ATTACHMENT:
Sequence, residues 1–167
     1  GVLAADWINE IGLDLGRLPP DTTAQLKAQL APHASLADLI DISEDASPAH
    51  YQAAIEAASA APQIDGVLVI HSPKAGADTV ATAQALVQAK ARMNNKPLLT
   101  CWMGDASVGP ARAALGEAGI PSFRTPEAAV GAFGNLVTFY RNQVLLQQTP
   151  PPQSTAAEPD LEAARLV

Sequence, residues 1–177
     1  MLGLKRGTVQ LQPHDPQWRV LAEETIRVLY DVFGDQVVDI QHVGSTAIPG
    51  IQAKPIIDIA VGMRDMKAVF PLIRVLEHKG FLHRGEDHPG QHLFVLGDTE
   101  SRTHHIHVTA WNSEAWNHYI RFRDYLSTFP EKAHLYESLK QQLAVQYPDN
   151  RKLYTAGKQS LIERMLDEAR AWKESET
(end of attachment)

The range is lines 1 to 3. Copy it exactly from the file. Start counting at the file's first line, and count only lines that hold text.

Sequence, residues 1–167
     1  GVLAADWINE IGLDLGRLPP DTTAQLKAQL APHASLADLI DISEDASPAH
    51  YQAAIEAASA APQIDGVLVI HSPKAGADTV ATAQALVQAK ARMNNKPLLT